Among my favorite jazz musicians was a man named Von Freeman, better known as “Vonski” to his fans.
Part of a series I've been doing on my travels in Europe.
ON THE MORNING of our last full day in France, we took an intercity train from Paris out to Normandy. For this journey, we were not on the TGV, France’s futuristic high-speed train system. We were on an intercity express train, which, despite not being a proper bullet train, still moved with dispatch out of Paris and into the sylvan and achingly beautiful French countryside.
We arrived in Caen about two hours after we started, and rented a car for the day. We drove out to the site of Omaha Beach, and parked in a little town called Vierville-sur-Mer situated on the bluffs directly above the sector of the beach portrayed in the opening minutes of Steven Spielberg’s landmark 1998 film, “Saving Private Ryan.”
We walked out onto the sand, and after examining a few remnant bunkers and other structures, we walked out to the edge of the surf. Then I turned around and looked up at what the first waves of men ashore saw on that terrible June morning just over 70 years ago.
Stunned by what I saw, I turned to my travel companion and said, “My God — those poor men.”
Part of a series of diaries about my recent travels in Europe
ON OUR LAST NIGHT IN ROME, we went over to St. Peter’s Basilica to see it in the evening light. I have fallen in love with this city, its people, its beauty. I will be back.
My time in Europe impresses upon me the most striking difference between here and the United States: Europe has an abundance of time; America has an abundance of space.
European cities use space very differently than in the American cities. European cities are far more densely built, with most buildings meeting the sidewalk at grade. Shops are on the ground floor and apartments or offices are built above.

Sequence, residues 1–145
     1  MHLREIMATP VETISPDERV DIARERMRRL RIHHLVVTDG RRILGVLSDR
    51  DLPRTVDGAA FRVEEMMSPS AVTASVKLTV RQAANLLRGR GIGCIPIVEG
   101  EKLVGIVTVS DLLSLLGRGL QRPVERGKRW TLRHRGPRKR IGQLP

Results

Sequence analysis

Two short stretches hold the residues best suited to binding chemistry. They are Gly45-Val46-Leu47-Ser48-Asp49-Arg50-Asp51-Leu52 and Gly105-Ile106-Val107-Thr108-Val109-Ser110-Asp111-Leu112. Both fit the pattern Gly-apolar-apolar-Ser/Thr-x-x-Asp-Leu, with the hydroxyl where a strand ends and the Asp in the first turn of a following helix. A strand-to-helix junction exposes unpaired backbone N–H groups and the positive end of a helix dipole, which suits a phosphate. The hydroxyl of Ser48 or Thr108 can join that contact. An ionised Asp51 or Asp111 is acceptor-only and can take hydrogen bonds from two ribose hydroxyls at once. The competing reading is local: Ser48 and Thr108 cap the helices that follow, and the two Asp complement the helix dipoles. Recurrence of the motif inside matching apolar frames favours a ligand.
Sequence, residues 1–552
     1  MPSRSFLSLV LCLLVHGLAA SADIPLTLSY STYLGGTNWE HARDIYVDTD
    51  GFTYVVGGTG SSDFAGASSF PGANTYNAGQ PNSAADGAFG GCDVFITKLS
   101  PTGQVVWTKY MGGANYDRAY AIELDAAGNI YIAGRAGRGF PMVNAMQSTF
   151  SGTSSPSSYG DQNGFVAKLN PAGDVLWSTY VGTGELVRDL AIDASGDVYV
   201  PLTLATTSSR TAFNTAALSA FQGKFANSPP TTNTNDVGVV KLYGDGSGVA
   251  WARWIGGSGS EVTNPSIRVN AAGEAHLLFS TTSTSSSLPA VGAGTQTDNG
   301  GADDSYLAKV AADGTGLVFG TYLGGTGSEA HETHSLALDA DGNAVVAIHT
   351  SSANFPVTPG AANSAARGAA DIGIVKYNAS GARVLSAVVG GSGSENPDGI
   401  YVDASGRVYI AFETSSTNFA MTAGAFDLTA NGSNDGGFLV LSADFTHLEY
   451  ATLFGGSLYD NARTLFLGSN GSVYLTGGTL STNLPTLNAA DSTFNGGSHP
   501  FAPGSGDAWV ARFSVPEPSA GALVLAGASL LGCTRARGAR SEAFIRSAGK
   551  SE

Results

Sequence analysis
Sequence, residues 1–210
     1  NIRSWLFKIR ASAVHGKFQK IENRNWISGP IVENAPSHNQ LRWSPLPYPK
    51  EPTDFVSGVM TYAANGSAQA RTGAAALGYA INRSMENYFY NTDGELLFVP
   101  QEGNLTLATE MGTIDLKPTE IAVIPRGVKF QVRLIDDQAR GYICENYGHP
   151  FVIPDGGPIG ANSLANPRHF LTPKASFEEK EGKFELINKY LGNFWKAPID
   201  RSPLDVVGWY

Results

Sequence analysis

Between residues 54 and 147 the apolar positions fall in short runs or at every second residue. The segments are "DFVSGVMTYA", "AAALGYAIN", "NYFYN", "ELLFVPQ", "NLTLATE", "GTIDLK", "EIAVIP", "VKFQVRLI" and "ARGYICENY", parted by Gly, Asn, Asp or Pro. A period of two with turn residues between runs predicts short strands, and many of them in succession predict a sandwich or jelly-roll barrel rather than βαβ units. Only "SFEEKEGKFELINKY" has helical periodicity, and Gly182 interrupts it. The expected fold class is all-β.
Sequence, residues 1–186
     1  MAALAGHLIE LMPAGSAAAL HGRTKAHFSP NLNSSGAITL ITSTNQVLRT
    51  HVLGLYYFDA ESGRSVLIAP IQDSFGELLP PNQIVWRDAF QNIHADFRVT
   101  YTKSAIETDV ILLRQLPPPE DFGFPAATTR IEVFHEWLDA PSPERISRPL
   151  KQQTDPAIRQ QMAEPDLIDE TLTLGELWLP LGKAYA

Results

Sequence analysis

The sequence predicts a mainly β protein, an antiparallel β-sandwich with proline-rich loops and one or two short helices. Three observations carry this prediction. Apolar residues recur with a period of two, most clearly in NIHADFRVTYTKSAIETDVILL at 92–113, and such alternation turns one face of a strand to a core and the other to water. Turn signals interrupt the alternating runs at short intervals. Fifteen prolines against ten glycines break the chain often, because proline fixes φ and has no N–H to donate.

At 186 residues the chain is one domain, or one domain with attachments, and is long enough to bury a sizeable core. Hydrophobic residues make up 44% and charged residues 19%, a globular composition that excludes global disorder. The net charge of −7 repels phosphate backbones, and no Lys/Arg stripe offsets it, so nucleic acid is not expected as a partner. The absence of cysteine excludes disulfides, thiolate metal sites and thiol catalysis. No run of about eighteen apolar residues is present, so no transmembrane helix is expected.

Romans have been using this pattern for a very long time. There are relics here and there in the older part of Rome of the old Insulae, the four and five story apartment buildings where most Roman citizens lived in the days of the Empire. It struck me how similar they were, in terms of their basic layout and appearance, to the buildings that most Romans live in today.
DATELINE: ROME. I’ve always wanted to start a column like that, and now, at last, my dream has been realized.
Rome, the Eternal City, has me bewitched. Our first full day here, we awoke early and started at St. Peter’s Square, basically getting the lay of the land before we went there for real on Sunday for Mass. Then we took a walk in the general direction of the Pantheon, stopping practically every other block as a result of a recurring conversation that went like this:
REGULARLY IN THIS SPACE I REFER TO PEOPLE AND EVENTS FROM CLASSICAL ANTIQUITY, roughly the period from the time of Homer in the 8th century B.C. to the decline and fall of the western half of the Roman Empire in the late 5th century A.D. My purpose is to demonstrate that, despite the sophisticated tools at our disposal in the present world — computers, advanced material science, space travel and all the rest — there is very little of consequence in the present that is genuinely new, particularly when it comes to social movements and theories of governance.
For example, our system of laws draws heavily from Roman law, which is one reason that technical points of law are so often discussed in classical Latin. Court rooms and judges’ chambers would go silent without lawyers using phrases like res ipsa loquitor (“it speaks for itself”) or habeus corpus (“produce the body”), or suspects presenting investigators with an alibi (literally “elsewhere,” as in where the suspect claims he was in relation to the scene of the crime.)
AMERICA IS A COMPELLING PLACE TO BEHOLD, in both the literal and more figurative uses of that word “behold.”
Sometimes I love America as a child loves a father. This kind of love is the very etymology of the term “patriotism,” from patris, “father(land).”
I’ve travelled extensively in the interior West, and every time I do the beauty of the landscape takes my breath away. The beauty is not mannered and settled in the way that other continents are — the quaintness of rural England, for example. The American West has by contrast a wild, elemental, almost careless loveliness, and traveling through it I always get the humbling sense that it doesn’t care whether there are any witnesses to gasp in awe. John Ford, the great director of American Westerns, loved shooting long shots of his characters making their way through Monument Valley or the Canyonlands of southern Utah, and once remarked that he used the scenery as a sort of silent character in his films.